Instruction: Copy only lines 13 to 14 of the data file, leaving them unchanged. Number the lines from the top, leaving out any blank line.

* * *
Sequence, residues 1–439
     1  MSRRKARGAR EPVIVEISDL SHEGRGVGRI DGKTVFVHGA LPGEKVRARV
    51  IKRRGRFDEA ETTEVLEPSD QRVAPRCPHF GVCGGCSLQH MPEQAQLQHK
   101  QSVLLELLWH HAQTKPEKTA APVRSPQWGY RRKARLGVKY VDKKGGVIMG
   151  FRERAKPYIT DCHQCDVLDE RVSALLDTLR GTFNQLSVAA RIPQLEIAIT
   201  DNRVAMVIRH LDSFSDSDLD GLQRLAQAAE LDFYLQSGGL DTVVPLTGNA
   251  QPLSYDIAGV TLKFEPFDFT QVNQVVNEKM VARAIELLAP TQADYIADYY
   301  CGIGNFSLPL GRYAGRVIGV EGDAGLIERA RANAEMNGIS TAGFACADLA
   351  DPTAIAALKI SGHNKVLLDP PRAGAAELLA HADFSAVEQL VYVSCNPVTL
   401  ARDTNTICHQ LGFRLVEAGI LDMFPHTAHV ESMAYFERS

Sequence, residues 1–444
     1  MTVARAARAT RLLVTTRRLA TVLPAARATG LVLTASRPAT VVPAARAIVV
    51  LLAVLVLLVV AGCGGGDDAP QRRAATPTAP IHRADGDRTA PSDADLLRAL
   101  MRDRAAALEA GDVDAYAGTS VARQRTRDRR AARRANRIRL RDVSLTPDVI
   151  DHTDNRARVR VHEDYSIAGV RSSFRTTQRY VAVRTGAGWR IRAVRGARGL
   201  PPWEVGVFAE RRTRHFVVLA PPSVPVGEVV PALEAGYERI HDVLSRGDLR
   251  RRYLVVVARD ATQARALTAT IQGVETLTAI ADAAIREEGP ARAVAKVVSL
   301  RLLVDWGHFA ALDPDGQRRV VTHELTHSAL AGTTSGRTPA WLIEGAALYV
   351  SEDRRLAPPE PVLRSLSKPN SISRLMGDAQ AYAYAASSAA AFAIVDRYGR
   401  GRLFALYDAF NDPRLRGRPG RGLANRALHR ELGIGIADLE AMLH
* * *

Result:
    51  LLAVLVLLVV AGCGGGDDAP QRRAATPTAP IHRADGDRTA PSDADLLRAL
   101  MRDRAAALEA GDVDAYAGTS VARQRTRDRR AARRANRIRL RDVSLTPDVI